From p. 201 of the Dover edition:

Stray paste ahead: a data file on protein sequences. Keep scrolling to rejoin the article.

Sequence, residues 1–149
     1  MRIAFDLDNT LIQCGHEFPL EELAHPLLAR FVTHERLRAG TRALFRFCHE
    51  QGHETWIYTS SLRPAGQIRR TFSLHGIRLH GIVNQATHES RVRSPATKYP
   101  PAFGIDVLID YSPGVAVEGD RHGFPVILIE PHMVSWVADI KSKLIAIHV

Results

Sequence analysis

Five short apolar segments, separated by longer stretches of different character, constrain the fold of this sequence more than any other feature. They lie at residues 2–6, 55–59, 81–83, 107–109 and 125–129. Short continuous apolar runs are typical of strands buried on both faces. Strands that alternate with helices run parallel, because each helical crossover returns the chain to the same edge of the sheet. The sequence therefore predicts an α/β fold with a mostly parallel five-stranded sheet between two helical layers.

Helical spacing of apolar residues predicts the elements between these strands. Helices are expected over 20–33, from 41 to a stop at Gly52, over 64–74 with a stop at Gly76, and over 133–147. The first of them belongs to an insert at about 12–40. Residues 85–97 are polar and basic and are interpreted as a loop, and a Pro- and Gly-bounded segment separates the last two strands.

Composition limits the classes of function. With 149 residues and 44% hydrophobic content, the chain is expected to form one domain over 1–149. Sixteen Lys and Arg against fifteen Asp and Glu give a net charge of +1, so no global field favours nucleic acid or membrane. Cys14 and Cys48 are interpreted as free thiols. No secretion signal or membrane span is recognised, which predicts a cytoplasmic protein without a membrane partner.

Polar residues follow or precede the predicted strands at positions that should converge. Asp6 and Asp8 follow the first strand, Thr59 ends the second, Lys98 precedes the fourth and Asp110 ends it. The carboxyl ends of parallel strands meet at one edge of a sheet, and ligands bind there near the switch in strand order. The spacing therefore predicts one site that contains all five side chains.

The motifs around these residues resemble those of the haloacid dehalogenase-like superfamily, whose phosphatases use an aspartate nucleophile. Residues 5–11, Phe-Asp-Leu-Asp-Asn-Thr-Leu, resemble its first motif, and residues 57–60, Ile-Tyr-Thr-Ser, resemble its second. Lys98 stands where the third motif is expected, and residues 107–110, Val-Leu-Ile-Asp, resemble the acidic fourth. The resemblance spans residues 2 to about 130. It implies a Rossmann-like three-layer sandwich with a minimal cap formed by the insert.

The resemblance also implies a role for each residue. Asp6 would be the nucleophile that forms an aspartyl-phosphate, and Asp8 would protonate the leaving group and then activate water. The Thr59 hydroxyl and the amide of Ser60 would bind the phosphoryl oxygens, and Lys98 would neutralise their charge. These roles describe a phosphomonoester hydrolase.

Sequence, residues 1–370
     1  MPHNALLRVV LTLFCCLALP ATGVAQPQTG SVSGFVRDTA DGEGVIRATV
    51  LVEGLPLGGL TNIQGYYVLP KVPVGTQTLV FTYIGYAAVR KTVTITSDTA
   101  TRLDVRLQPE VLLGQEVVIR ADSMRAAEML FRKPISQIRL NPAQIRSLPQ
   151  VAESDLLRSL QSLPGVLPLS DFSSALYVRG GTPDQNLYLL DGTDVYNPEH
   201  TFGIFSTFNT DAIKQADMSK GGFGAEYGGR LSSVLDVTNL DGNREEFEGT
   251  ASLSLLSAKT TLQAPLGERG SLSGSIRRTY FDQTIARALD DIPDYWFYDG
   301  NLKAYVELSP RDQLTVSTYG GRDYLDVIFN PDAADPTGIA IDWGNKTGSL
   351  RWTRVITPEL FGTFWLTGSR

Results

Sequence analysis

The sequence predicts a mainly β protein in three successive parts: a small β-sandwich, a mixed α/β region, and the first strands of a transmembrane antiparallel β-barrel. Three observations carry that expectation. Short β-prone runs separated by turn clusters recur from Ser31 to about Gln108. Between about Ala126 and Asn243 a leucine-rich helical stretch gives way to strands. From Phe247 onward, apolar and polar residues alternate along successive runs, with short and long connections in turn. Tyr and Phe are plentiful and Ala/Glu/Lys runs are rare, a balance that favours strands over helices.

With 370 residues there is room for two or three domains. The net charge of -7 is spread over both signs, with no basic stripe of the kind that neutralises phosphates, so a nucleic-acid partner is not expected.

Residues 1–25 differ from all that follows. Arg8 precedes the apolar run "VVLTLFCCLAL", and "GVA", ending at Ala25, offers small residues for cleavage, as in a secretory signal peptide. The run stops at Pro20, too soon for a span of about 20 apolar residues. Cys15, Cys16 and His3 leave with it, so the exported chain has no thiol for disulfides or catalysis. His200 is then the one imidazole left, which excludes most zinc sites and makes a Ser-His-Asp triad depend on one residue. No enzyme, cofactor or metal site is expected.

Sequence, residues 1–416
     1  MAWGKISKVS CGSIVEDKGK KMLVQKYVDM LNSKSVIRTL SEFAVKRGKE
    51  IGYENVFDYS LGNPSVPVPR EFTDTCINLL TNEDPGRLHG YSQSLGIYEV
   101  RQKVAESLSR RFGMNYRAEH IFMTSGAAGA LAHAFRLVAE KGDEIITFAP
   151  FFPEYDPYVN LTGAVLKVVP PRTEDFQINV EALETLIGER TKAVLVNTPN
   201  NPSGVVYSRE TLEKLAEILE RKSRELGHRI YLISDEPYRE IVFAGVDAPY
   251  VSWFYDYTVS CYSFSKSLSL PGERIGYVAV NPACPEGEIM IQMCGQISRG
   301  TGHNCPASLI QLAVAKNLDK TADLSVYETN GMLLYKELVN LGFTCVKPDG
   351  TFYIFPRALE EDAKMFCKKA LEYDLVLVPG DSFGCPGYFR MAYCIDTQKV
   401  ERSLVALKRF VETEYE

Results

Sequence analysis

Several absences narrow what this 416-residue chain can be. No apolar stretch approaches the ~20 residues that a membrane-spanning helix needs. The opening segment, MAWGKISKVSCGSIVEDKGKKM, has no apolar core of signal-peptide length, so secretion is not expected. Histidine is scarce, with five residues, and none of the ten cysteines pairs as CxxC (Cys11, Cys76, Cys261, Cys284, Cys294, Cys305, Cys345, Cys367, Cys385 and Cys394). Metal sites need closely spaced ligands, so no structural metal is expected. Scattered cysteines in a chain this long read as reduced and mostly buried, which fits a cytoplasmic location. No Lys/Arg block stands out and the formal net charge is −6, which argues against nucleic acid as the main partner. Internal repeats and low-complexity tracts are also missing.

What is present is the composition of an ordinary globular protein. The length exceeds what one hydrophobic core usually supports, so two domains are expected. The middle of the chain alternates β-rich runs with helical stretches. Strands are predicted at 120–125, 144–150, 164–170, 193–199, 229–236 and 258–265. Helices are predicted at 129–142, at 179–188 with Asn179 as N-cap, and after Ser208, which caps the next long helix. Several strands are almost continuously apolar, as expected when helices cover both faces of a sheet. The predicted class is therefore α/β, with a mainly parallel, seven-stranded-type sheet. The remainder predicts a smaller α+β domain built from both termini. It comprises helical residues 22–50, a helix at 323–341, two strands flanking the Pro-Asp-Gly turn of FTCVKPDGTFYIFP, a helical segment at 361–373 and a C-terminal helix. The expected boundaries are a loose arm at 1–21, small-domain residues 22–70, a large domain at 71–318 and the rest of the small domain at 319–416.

I was afraid to compromise the performance by again conducting. Habeneck obstinately refuses; but girard, at that time one of my staunch friends, consented to accept the task, and acquitted himself well. The Symphonie fantastique again figured in the programme, and took the whole room by storm, being applauded throughout. My success was complete, and the former judgment on me was reversed. My musicians -- it may be imagined that I took none from the Theatre-Italien -- looked radiant with delight as they left the orchestra. Lastly, my happiness was crowned when the public had all gone, and a man stopped me in the passage -- a man with long hair, piercing eyes, a strange and haggard face -- a genius, a Titan among the giants, whom I had never seen before, and at the first sight of whom I was deeply moved: this man pressed my hand, and overwhelmed me with burning eulogies that set both my heart and brain on fire. It was Paganini.